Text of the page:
"This is obviously an historic meeting," Obama said as the two leaders sat just feet apart.
The two men sat down for in-depth talks on the sidelines of the Summit of the Americas here, a historic moment between two countries trying to repair relations after nearly six decades of mistrust and tension.
"It was time for us to try something new," the president added as he discussed the U.S. policy towards Cuba for the past 50 years. "We are now in a position to move on a path toward the future."
Obama and Castro both said they have "agreed to disagree" on certain issues but are committed to maintaining a strong relationship between their two nations.
"No one should entertain illusions. It is true that we have many differences," Castro said "But we are willing to make progress in the way the president described."
"The Cold War's been over for a long time and I'm not interested in having battles that frankly started before I was born," Obama said.
"Over time it is possible for us to turn the page and develop a new relationship between our two countries," he said.
Castro, who was the first Cuban president ever invited to the Summit of the Americas, expressed his admiration for President Obama, adding that his predecessors are to blame for isolating Cuba.
"There were 10 presidents before him -- who all of them have some sort of debt to us except President Obama," Castro said. "I admire him and his life and I think his behavior has a lot to do with his humble background."
The highly anticipated meeting between Obama and Castro is the latest development in normalizing relations between their countries. The two men were expected to discuss the possibility of reopening embassies in each of their countries, lifting the embargo, and removing Cuba from the State Sponsors of Terrorism list.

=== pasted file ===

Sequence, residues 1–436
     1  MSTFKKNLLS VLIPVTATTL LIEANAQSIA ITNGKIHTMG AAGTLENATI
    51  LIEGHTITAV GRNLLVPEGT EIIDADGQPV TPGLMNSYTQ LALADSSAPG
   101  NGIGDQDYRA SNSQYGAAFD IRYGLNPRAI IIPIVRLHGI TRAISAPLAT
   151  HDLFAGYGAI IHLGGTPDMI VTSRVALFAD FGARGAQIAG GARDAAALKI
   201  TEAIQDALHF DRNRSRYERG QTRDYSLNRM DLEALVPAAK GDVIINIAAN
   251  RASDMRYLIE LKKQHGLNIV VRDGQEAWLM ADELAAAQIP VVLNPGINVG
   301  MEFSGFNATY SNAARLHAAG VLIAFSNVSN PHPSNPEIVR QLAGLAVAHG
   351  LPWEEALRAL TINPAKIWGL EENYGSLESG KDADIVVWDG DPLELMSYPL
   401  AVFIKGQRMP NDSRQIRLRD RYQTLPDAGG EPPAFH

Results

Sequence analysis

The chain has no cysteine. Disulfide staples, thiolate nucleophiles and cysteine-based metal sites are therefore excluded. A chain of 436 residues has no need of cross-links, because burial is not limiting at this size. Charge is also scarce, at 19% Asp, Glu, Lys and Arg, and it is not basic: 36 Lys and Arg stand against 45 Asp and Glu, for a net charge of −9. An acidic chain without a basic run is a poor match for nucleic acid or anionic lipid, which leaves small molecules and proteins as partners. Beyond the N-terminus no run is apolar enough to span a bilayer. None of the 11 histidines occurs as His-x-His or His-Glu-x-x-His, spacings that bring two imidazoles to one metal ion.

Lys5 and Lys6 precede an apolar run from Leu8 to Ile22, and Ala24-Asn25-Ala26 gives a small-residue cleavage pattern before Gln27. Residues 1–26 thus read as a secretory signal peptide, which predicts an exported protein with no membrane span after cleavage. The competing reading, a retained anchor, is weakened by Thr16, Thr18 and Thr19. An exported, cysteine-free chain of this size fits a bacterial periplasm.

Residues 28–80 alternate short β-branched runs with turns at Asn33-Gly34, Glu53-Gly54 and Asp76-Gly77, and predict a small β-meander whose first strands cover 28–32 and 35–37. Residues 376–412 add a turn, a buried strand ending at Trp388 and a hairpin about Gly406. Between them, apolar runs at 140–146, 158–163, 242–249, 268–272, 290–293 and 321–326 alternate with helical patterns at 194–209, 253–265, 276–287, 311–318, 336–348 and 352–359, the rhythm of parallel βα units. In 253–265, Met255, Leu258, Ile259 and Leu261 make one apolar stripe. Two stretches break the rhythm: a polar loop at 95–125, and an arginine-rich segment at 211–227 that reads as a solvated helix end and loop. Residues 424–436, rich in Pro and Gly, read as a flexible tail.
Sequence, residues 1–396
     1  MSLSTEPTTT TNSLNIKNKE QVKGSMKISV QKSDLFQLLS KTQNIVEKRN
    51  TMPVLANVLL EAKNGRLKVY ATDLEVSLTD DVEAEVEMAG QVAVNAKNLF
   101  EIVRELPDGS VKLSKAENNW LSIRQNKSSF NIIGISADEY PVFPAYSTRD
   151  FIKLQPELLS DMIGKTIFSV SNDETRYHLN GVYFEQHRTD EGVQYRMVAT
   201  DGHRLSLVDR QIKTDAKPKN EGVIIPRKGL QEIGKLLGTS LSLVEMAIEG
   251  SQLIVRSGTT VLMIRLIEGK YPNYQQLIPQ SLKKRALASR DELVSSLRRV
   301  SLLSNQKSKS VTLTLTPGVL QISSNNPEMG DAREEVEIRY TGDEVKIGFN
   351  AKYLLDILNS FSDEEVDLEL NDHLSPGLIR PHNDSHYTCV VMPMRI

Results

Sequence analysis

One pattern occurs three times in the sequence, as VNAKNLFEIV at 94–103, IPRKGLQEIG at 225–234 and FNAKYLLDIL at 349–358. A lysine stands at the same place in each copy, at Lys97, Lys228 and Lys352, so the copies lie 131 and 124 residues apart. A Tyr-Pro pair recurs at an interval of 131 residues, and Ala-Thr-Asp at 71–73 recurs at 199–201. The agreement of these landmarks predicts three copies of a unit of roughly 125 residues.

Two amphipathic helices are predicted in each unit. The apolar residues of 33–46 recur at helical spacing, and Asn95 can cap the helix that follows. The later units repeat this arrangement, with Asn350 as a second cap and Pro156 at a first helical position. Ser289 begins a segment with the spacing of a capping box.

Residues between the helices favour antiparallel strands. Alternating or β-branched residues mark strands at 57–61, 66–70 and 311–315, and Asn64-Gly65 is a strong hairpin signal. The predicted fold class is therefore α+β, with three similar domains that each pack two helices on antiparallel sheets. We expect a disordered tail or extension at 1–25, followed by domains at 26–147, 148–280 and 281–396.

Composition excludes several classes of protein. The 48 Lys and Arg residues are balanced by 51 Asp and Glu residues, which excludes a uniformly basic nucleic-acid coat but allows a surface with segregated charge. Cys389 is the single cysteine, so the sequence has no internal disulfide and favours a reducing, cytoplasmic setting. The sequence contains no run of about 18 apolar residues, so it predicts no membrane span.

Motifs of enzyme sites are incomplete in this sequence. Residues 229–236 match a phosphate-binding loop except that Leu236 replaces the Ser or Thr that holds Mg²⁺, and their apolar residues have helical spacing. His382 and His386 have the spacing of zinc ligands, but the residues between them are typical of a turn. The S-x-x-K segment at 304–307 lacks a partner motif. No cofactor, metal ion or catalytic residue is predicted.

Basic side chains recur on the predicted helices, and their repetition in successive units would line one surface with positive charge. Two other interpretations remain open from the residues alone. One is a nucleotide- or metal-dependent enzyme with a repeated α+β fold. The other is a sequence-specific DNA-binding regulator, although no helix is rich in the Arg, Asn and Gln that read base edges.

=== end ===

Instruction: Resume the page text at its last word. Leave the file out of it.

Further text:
The State Department has recommended that Cuba be taken off the list. President Obama is reviewing their recommendation and is expected to announce his own recommendation soon.
Obama and Castro encountered each other at the summit's inauguration events Friday evening, briefly greeting each other and engaging in an historic handshake.
Before President Obama departed on his trip to Jamaica on Wednesday, he called Castro to "review the status" and discuss the steps being taken to achieve normalization between the U.S. and Cuba.
Secretary of State John Kerry and Cuban Foreign Minister Bruno Rodriguez held an historic meeting of their own Thursday evening -- the first time the nation's top diplomats spoke in person since the Cuban revolution.